• Can I visit the wreck of Shackleton's ship Endurance?

    The wreck of the Endurance was discovered in March 2022, exactly 100 years to the day after Shackleton's funeral. It lies 3000 metres below the ice of the Weddell Sea, making it impossible to visit in person, although our Weddell Sea cruises can give you a taste of the scenery the Endurance crew encountered on their voyage of survival.

  • Can you guarantee visits to specific historic locations?

    Can you guarantee visits to specific historic locations? Mother Nature calls the shots in Antarctica, and as such visiting any specific location is subject to weather and ice conditions. However, both your ship's captain and expedition leader well understand the talismanic nature of certain locations and will do their best to attempt landings if conditions allow. In South Georgia, all cruise ships must call at Grytviken for immigration and biosecurity checks, so if you trip includes the island you'll almost certainly get to visit Shackleton's grave and raise a toast to 'the Boss' there.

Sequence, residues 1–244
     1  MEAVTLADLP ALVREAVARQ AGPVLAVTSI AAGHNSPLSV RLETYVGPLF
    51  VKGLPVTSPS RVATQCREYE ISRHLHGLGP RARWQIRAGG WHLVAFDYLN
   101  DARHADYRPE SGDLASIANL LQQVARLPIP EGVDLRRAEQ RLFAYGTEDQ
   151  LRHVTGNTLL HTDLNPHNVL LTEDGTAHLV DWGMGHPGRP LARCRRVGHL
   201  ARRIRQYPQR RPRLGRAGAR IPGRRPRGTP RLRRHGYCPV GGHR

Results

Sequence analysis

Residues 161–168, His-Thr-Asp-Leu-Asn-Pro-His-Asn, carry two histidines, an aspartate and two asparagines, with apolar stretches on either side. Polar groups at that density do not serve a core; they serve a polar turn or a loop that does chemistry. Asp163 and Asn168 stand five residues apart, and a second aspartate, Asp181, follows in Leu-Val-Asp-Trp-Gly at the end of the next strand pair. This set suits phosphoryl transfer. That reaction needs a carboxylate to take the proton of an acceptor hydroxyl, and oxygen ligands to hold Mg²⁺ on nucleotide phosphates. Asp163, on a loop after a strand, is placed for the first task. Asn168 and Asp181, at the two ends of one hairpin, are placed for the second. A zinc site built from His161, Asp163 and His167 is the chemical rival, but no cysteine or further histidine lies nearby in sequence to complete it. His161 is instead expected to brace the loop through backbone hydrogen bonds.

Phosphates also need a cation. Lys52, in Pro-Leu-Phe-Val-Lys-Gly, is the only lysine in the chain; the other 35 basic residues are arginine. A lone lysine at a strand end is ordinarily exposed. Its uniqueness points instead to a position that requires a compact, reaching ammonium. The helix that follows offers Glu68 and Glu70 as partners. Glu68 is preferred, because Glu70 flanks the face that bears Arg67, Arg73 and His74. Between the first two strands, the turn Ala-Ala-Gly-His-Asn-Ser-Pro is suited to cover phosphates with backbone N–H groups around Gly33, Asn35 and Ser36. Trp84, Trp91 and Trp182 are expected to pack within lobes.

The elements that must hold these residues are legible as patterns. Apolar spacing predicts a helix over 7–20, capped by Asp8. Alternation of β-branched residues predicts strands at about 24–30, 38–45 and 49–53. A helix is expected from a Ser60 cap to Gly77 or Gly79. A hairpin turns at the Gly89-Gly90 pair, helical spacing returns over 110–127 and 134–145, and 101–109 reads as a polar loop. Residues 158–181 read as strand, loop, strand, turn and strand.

• Are there any historic sites associated with Antarctica in the South American ports of call?

    Absolutely. Most cruises start and finish in Ushuaia, whose Museo Marítimo (a converted prison) has an excellent wing dedicated to the exploration of Antarctica, including a fine collection of model ships from every major expedition.

    If you fly to Antarctica from Punta Arenas, that city has its own walking trail of historic buildings and monuments associated with Antarctica, along with the Museo Nao Victoria with its recreations of historic exploration ships. It's a must to visit the waterfront to see the preserved prow of the Yelcho, the Chilean ship that rescued the crew of Endurance in 1916, along with the statue of its captain, Luis Pardo.